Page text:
Wayne Joseph’s Blog

Running with the Big Dog

Marathon Maniac, Choy Bacor, Test his Limits

Marathon Maniac Choy Bacor

   I’ve often wondered why some people look for challenges that are extremely difficult, both physically and mentally.

   Running a marathon (26.2-miles) is changeling in itself, but once you’ve conquered that magical distance why go beyond?

   For Hilo’s Choy Bacor running and finishing a marathon in 3 hours and 20 minutes just wasn’t enough as this 30 year old wanted something more.

   Several months ago Bacor learned about a trail run called the Tantalus Trek 50K (31-miles) in Honolulu and decided to give it a try.  As anyone will attest running on trails can be difficult as unsuspecting tree roots and rocks could lead to serious injury.

   “I learned about the Tantalus race about a month prior to the start,” Bacor said.  “It was a very difficult trail race as half the time I was forced to hike.  During the times I was running I had to keep my eyes focused on the trail and I never got to enjoy the views.”

   To compound the problems associated with running the trails of Tantalus Bacor failed to bring the proper gear which added to the difficulty in his trying to finish the race.

  “The beginning of the race is run in the dark and I came unprepared and was forced to keep up with a group of runners that had headlamps and flashlights,” he said.  “I also left my hydration pack for the race in my car in Hilo.”

   Bacor ran the race holding onto one water bottle and needed the assistance of some of the more experienced runners that he had met on the trails.

   “I train on the roads in Hilo and getting to run the trail was a welcome change,” Bacor said.  “The good part about running on trails is that it is more forgiving on the human body.  I loved the challenge that the course presented to me and the confidence I derived from knowing I can run a challenging trail run and survive.”

  Bacor did survive, but only after turning his ankle numerous times, accumulating a number of scratches from the bamboo branches and other trees lining the trails and after taking a hard fall on a slippery rock that bruised his tail bone.

   After 6 hours 19 minutes and 40 seconds Bacor had finished his first trail run and logged in an extremely difficult 31 miles.

   Most people might think that this was the end of the story for Choy Bacor as he would now come back to Hilo to nurse his bruised and tired body. 

   But instead of flying back to Hilo following the Tantalus Trek Run Bacor was on a flight to Kauai where he would, the very next day, run in the Kauai Marathon (26.2-miles).

Choy Bacor

“After doing Tantalus the day before the Kauai Marathon I knew it Kauai going to be much more of a burden on me physically,” Bacor said.  “I heard about how gorgeous the course was on Kauai and I wanted to take it all in.  It was also nice to see so many people from Hilo running it.”

   Bacor decided that he would run and walk the Kauai Marathon and not push the pace in order to allow his body to recover from the day before.

   “I wasn’t in any major pain,” he said.  “My butt hurt a little, but it disappeared once I started running.  My ankles were stiff, but that also subsided once I began to move.  What helped was I didn’t run Tantalus with any speed so my legs were fresh.”

  Bacor finished the Kauai event in 4:48:50 which is quite an accomplishment when you consider that he logged in more than 56 miles over the two day weekend.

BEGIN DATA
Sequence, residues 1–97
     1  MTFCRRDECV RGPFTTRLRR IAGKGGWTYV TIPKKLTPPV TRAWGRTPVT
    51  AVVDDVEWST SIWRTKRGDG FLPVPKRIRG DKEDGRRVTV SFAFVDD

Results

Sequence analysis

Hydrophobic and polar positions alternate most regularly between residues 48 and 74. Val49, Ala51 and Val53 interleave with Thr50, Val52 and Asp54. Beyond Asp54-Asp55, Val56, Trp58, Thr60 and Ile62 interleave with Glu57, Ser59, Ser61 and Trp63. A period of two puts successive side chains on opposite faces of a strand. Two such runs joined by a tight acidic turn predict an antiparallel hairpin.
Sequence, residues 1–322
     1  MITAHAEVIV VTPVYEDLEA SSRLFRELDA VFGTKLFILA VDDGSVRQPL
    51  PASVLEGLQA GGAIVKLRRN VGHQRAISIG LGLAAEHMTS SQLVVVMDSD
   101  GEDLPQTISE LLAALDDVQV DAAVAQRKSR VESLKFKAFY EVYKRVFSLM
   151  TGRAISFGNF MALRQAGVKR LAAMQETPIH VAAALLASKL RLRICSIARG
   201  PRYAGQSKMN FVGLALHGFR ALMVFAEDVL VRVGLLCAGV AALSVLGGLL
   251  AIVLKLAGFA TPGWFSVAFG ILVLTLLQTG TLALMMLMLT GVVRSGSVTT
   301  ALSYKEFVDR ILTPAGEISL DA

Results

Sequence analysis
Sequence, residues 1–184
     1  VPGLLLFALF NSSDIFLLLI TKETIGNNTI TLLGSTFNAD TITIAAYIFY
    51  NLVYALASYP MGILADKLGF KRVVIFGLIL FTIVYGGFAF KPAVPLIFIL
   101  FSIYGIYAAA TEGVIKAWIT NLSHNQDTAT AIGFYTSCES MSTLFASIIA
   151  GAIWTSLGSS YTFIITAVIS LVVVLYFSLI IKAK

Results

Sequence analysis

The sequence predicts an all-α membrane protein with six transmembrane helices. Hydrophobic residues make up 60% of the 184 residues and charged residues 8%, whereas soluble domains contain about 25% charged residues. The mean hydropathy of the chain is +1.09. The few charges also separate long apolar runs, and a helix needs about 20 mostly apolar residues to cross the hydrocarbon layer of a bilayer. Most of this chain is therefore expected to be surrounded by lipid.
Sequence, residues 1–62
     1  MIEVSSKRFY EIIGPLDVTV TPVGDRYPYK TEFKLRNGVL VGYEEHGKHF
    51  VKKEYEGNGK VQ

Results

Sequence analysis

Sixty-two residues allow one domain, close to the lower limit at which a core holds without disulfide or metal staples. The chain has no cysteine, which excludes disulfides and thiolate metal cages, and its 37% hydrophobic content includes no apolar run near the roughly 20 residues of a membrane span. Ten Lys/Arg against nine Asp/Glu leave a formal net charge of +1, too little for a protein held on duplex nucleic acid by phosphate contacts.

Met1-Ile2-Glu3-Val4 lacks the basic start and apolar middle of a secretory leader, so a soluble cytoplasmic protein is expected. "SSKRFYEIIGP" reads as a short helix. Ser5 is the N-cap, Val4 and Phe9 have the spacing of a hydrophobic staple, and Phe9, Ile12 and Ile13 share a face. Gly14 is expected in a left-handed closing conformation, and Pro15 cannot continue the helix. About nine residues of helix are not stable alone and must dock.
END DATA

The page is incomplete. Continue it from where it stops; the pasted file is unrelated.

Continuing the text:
“After the weekend my body wasn’t in any major discomfort,” Bacor said.  “Keeping a consistent active lifestyle enabled me to handle the physical demands of both races.”

  Of course Bacor was in great shape prior to taking on his impressive weekend of races.  Lifting weight, swimming, paddling for Kamehameha Canoe Club and maintaining a 50 mile per week running routine all contributed to his being able to run two extreme distances without any major injuries.

  “Running both races didn’t seem that big of a deal to me at the time,” Bacor said. 

  Two weeks after his strenuous weekend Bacor was out racing again, this time tackling the Maui Marathon.

   “It isn’t a big deal to me because at my age and being a runner I’m supposed to be able to do things like this,” Bacor said of his three distance races.  “I hear stories all the time of people running 100 marathons and finishing 100-mile races and some of these runners are in their 60’s and 70’s.

   “Running means so much to me, it is the ultimate stress reliever,” Bacor said.  “When going for runs by myself I’m able to have moments of clarity and insight.  Stress seems to just brush off my shoulders and I’m able to just focus on the run.  I guess it’s one of those moments that only a distance runner knows.”

   Bacor now has his sights set on making a qualifying time for the 2011 Boston Marathon.

   “I need to run at sub 3 hour 11 minute marathon to qualify for Boston for my age group,” Bacor said.

   With the heart, persistence and discipline that Choy Bacor exhibits I’m sure that he’ll reach his goal of qualifying for and running in his first Boston Marathon.

   Bacor serves as a good example of someone who has focus in maximizing his athletic potential, but he is the exception, not the norm in physical and mental strength.

   Each of us should be striving to do what we can in providing the necessary exercise that our bodies require, which means to get out there and get physically active each day for 30 minutes or more.

   Swim, bike, jog or walk – whatever it takes to get your heart rate up for a prolonged period of time to insure good health for a lifetime.


February 1, 2010 Posted by | Running on the Big Island | , , , , | 1 Comment